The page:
Note that the final exam will now be administered at 4:20 pm on Friday, January 10, after the showing of Okja and The Wandering Earth. Both films are on Netflix; some students may choose to watch them at home, then come to class at 4:20 pm for the exam. PowerPoints introducing those films will be e-mailed to all students in advance of the Friday class. Essays are still due (by e-mail, as Word attachments) on Saturday, January 11.
Prof. M. Keith Booker
234 Kimpel Hall, 575-7248
Office Hours: Thursdays, 4-5 pm and by appointment
On-line textbook supplied free of charge. This syllabus provides links to the relevant sections. Just click on the title of the film in the “Film viewing” section” to go to the discussion of that film. The material for the final exam will be based on those discussions and on the films themselves, as well as in-class presentations by the instructor.
The purpose of this course will be to provide a broad introduction to science fiction film, with an emphasis on American science fiction film. We will examine a number of important individual films and discuss the ways in which they relate to larger trends within science fiction film, including surveys of specific subgenres.
Essays, exams, and other major requirements:
Grading for graduate students in this course will be determined primarily on the basis of regular posts and other participation on the class Facebook page, including a detailed review of one science fiction film not on the syllabus. All graduate students will be expected to participate on the page every day of the intersession. Posts can include commentary, clips, links, and whatever multimedia materials the student finds relevant to the day’s material on the syllabus. Graduate students will also be required to view one additional film outside of class and to post an informal review of that film on the class Facebook page by end of the intersession. It is likely that students will want to make several posts relative to this project along the way. Reviews should emphasize a comparison of the film with the films on the syllabus and the concepts discussed in class. There will also be an in-class final exam for graudate students. The date and time for the final will be class time (noon) on Saturday, January 11.
Undergraduate students are invited to participate informally on the Facebook page and will be required to write an essay (approximately 4-5 typed, double-spaced pages) on one of the films on the syllabus, describing the ways in which this film illustrates some aspect (or aspects) of science fiction film. There will also be an in-class final exam for undergraduate students. The essays will be due (via e-mail as a Word attachment) by class time (noon) on Saturday, January 11, which is also the date and time of the exam.
Grades and Grading for Undergraduate Students
Critical Essay: 50%
Class Participation, including Facebook: 10%
In-class final exam: 40%
Grades and Grading for Graduate Students
Film review: 40%
Class Participation, including other Facebook posts: 40%
In-class final exam: 20%
BAD WEATHER PLANNING: Film viewings in the course will be conducted according to the following schedule. In the event of a winter weather event or other disruption that forces the cancellation of a class, the Friday, January 10, class period will be conducted on that day as a backup. It contains only films that are available on Netflix. Students should arrange to view those at home. The remainder of the schedule will be shifted forward by one class day. If we make it to January 10 with no cancellations, a decision on how to conduct the class will be made in class on January 9. If more than one class must be canceled due to weather or other unforeseen events, arrangements will be made for further home-viewing fill-ins.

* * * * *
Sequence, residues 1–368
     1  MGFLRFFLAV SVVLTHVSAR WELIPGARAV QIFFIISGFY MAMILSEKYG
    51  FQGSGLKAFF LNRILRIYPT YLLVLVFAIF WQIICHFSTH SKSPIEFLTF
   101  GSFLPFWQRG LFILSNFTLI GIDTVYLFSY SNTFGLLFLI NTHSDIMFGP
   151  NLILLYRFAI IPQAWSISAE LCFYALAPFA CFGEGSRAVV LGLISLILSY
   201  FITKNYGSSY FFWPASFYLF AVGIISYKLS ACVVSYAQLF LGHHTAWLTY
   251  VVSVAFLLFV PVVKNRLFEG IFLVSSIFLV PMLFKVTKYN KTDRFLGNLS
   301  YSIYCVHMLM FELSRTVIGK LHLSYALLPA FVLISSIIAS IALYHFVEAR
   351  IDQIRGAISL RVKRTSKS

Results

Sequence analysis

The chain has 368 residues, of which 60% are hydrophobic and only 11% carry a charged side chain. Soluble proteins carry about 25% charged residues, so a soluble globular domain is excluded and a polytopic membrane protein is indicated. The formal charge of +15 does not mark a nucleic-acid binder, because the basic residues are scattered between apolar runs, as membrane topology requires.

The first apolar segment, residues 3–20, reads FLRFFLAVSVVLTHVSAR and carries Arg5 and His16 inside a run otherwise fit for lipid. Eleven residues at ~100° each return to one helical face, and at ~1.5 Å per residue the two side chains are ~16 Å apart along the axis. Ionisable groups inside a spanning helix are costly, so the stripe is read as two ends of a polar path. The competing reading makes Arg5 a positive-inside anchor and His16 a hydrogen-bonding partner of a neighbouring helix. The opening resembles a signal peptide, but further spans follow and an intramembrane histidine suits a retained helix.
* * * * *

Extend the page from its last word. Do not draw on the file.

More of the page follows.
Click on the title of any film to go to the required on-line reading assignment for that film.
Thursday, January 2, 2020
Introduction to the Course. Introductory Overview of Science Fiction Film.
Film viewing: The Day the Earth Stood Still (Robert Wise, 1951, 92 min)
Film viewing: District 9 (Neill Blomkamp, 2009, 112 min)
Friday, January 3
Film viewing: Invasion of the Body Snatchers (Don Siegel, 1956, 80 min)
Film viewing: They Live (John Carpenter, 1988, 94 min)
Saturday, January 4
Film viewing: Close Encounters of the Third Kind (Steven Spielberg, 1977, 138 min)
Film viewing: Arrival (Denis Villeneuve, 2016, 116 min)
***Adventures in Space***
Monday, January 6
Film viewing: 2001: A Space Odyssey (Stanley Kubrick, 1968, 149 min)
Film viewing: Serenity (Joss Whedon, 2005, 119 min)
Tuesday, January 7
Film viewing: Alien (Ridley Scott, 1979, 117 min)
Film viewing: Europa Report (2013, Sebastián Cordero, 90 min)
***Exploring the Posthuman***
Wednesday, January 8
Film viewing: Blade Runner (Original 1982 theatrical cut, Ridley Scott, 1982, 117 min)
Film viewing: Terminator (James Cameron, 1984, 107 min)
Thursday, January 9
Film viewing: Robocop (Paul Verhoeven, 1987, 102 min)
Film viewing: Ex Machina (Alex Garland, 2014, 108 min)
***Netflix bad weather backup day***
Friday, January 10
Film viewing: Okja (Bong Joon-ho, 2017, 120 min)
Film viewing: The Wandering Earth (Frant Gwo, 2019, 124 min)
In-class final exam for all students. 4:20 pm.
Saturday, January 11
Critical essays due for all students by midnight on this date. Essays should be submitted to the instructor by e-mail as a Word-compatible attachment.
Films for Graduate Student Reviews
Forbidden Planet (1956) [Miller]
Soylent Green (1973) [Bain]
12 Monkeys (1995) [Henry]
The Fifth Element (1997) [Merriwether]